Just look at the size of that! Spotted today while driving back from a stint of volunteering, I was completely gobsmacked at the size of this Giant Hogweed. (Over 5 feet in height and with a flower umbrella of about 2 feet wide).
It’s “proper” name is Heracleum mantegazzianum and it is also known as Wild Parsnip, Giant Cow Parsley, Wild Rhubarb and Cartwheel Flower. Not only is it impressive in size, it’s also POISONOUS! The sap of Giant Hogweed causes phytophotodermatitis in humans which manifests itself in blisters, long-lasting scars, and—if it comes in contact with eyes—blindness. These serious reactions are due to the furocoumarin derivatives in the leaves, roots, stems, flowers, and seeds of the plant.
Originally introduced into Britain during the 19th century as an ornamental plant (those Victorian plant-hunters have so much to answer for!) it is now found all over the UK and particularly on river banks where it can displace other plants and reduce wildlife. On the plus side – bees like it! See, every cloud has a silver lining!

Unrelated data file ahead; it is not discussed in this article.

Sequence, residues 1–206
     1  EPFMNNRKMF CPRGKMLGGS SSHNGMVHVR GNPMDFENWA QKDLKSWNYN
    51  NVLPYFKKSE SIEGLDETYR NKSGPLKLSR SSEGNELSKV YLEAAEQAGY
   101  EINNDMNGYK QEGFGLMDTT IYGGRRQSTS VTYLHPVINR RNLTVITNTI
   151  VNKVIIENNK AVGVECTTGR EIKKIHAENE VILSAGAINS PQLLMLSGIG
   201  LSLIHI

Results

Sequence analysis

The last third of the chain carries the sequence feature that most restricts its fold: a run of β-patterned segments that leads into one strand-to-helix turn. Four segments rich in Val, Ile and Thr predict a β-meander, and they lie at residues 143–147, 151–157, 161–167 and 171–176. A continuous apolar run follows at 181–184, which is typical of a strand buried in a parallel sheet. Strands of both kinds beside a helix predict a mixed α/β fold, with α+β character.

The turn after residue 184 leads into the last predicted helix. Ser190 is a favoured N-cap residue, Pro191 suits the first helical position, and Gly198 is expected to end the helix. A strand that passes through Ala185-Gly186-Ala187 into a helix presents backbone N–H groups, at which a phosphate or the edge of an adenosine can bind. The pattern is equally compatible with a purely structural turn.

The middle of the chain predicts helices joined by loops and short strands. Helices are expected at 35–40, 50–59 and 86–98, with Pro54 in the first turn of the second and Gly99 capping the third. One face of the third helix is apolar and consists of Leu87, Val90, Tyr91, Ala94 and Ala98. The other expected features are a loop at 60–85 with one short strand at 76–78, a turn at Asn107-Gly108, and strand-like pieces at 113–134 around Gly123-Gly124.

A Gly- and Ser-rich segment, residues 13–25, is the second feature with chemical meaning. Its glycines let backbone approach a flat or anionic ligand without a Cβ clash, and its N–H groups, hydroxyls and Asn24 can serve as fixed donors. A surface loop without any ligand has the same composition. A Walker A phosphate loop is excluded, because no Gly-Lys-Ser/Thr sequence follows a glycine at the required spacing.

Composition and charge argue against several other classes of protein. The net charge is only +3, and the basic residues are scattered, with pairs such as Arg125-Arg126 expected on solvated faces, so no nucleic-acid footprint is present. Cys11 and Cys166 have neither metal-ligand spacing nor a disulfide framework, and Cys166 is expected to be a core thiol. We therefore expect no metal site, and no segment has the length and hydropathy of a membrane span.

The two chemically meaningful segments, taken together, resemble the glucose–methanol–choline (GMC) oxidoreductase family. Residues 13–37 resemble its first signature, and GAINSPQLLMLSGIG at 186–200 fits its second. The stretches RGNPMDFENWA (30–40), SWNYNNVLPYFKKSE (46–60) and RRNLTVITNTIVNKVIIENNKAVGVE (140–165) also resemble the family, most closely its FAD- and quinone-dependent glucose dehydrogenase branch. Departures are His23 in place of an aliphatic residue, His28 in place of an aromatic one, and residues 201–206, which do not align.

Here in the UK, the Wildlife and Countryside Act 1981 makes it an offence to plant or cause Giant Hogweed to grow in the wild. While over in the US, Hogweed is regulated as a federal noxious weed by the US government, and is therefore illegal to import into the United States or move interstate without a permit from the Department of Agriculture. It was described by horticulturalists in Maine state as being “Queen Anne’s lace” on steroids!
The rock group Genesis sang about it on their 1971 album “Nursery Cryme” in a song called “The Return of the Giant Hogweed” the history of the plant’s introduction to Britain is humorously recounted, and the dangers of plant are portrayed facetiously in lines such as: “Turn and run! Nothing can stop them, around every river and canal their power is growing”
Giant Hogweed (or, as I think I prefer… the Cartwheel Flower)